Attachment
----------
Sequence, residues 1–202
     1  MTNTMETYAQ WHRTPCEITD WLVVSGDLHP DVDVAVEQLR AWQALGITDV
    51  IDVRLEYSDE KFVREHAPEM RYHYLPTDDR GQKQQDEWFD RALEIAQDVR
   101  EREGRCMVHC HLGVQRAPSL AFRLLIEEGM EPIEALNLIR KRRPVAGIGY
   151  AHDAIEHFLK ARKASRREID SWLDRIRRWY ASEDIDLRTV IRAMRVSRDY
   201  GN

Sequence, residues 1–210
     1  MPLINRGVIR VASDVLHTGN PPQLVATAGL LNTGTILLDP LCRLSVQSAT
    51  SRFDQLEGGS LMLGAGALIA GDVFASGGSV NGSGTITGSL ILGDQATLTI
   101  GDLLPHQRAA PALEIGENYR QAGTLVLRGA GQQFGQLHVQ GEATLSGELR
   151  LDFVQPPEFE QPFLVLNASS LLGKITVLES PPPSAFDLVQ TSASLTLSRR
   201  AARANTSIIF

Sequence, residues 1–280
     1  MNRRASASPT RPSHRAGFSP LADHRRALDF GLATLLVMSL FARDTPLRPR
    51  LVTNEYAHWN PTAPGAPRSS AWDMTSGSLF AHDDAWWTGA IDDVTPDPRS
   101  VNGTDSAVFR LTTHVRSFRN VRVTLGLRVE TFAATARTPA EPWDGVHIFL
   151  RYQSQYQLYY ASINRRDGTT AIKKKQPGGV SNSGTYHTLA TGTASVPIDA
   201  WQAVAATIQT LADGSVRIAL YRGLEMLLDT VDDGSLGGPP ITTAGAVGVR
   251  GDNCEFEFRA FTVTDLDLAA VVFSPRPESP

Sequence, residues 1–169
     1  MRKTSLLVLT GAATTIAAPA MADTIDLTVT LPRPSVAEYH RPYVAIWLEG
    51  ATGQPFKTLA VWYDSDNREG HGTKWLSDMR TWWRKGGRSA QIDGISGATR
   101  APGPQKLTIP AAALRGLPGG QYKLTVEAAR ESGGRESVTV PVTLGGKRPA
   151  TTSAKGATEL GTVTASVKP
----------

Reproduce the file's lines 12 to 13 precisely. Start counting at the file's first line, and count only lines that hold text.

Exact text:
   201  AARANTSIIF

Sequence, residues 1–280